Dropbox, Inc. is a privately held file hosting service company based in San Francisco, California. The company specializes in cloud-based storage, synchronization, personal cloud and client software. Essentially, Dropbox allows users to create unique folders on their personal computers; the software saves and syncs those folders to the cloud, where the users can view the files within those folders at any computer location. The company filed for an initial public offering, pricing its shares at $16-$18 a piece and pegging its valuation as high as $8 billion. While this valuation is lower than $10 billion it received during a 2014 funding round, the company has achieved rapid growth since it was founded in 2007, with over 500 million users in over 200 countries as of 2018.

Along with the valuation and IPO pricing, Dropbox also announced a $100 million pre-IPO private placement to Salesforce Ventures (CRM), reported CNBC.

Valuation and Private Companies

With private companies, however, it's immensely hard for an outside investor or stakeholder to receive an accurate valuation. Unlike public companies, private companies are not required to disclose any financial information, proprietary data or financial statements to the public. Public companies are easy to value since they are required to disclose information to the public at least quarterly, and they also have a public market cap and price per share.

This inability to value private companies accurately has become more of an issue since technology startups have grown to garner multibillion dollar valuations in short periods of time. If an investor can accurately value a private company with confidence, they can either invest as an angel or as a venture capitalist, or they can confidently buy public shares in an eventual initial public offering (IPO).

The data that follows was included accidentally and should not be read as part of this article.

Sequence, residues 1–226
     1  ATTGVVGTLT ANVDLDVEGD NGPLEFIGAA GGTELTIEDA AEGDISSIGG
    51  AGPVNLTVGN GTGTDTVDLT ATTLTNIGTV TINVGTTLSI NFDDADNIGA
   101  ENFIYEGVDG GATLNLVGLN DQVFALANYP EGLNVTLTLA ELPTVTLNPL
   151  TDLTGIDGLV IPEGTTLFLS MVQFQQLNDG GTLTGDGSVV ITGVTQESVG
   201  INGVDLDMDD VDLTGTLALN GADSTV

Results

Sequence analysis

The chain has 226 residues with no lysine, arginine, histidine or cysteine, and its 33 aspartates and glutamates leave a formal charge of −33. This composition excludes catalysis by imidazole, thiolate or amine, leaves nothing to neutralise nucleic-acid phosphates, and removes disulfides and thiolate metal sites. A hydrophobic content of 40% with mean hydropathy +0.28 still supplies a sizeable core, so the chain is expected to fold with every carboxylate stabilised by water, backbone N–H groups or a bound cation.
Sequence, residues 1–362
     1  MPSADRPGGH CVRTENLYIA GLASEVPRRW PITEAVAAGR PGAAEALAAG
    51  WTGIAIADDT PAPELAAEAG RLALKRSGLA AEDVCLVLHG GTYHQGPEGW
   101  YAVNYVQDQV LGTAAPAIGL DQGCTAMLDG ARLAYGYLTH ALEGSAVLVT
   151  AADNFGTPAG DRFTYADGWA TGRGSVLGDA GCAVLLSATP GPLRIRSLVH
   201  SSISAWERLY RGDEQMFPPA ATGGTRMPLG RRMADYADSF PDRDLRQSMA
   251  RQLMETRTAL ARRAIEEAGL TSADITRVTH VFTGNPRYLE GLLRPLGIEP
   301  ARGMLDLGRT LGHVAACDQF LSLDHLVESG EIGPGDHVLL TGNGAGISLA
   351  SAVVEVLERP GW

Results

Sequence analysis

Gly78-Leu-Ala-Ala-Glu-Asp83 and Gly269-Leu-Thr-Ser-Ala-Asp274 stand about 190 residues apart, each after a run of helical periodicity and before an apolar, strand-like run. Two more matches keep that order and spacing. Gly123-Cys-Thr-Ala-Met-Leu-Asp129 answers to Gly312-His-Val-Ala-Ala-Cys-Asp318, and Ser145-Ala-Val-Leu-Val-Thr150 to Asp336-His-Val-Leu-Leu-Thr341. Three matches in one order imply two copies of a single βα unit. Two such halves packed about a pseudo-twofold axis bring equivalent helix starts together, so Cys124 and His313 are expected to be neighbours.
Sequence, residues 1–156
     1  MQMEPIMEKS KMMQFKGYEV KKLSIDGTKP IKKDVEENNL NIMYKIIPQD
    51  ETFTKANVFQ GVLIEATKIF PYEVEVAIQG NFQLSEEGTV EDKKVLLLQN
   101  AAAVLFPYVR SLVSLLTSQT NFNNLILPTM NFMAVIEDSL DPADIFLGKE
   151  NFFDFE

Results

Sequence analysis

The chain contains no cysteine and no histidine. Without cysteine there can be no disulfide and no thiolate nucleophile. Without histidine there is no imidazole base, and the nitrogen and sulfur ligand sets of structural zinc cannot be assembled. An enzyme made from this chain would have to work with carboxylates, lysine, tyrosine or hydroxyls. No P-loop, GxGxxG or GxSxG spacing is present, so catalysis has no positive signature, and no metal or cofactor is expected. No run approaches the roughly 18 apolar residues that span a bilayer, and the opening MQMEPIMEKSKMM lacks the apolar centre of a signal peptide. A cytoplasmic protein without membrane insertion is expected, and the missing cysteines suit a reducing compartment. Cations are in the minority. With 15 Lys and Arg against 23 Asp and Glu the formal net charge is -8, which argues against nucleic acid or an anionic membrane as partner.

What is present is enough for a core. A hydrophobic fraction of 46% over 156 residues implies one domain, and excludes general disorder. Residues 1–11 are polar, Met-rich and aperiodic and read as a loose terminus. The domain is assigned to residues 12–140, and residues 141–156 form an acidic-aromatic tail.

Dropbox's Valuation

The latest $8 billion valuation is 20% lower than the previous numbers reported four years ago. Dropbox was given a $10 billion valuation in January 2014 after the company raised a $1.1 billion investment round. When a private company decides to raise funds, it goes through a 409(a) valuation by an independent third-party firm. The firm gains exclusive access to the company's books and data.

The 409(a) valuation gives the private company a overall value as well as a price per private share. After the value has been decided, investors can come offer to buy shares for a specific price per share, usually priced at a premium to the true value per share.

The $10 billion valuation was derived due to the post-money valuation after the $1.1 billion investment round. However, many knowledgeable firms, such as Business Insider and CB Insights, claimed that this valuation was too high.

Slow Growth, No Innovation

In January of 2017, CEO Drew Houston announced Dropbox's annualized revenue run rate was $1 billion, making it one-tenth of the then $10 billion valuation. With the company going public, it now faces an uphill challenge of delivering big growth in order to keep investors hooked.

Dropbox has chosen to operate in a highly competitive business environment. Competitors such as Google Drive, Amazon Cloud (AMZN) and Box (BOX) have caused what's known as a race to zero, where competitors keep slashing prices so they can compete in the marketplace. (See also: Dropbox's Top Competitors)

These large companies, such as Google (GOOGL), are not afraid to burn dollars. Dropbox may be facing a never-ending decline in prices. This especially harms the company due to an overall lack of innovation.

With falling prices, the only way to increase a price point is by developing and releasing innovative new features or products. If Dropbox is unable to do so, it could see its business decline in the future.

Want to learn how to invest?

Get a free 10 week email series that will teach you how to start investing.

Delivered twice a week, straight to your inbox.